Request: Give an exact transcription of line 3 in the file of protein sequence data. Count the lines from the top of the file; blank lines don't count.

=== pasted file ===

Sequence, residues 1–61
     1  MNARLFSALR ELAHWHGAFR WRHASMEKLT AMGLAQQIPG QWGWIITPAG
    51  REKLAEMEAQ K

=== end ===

    51  REKLAEMEAQ K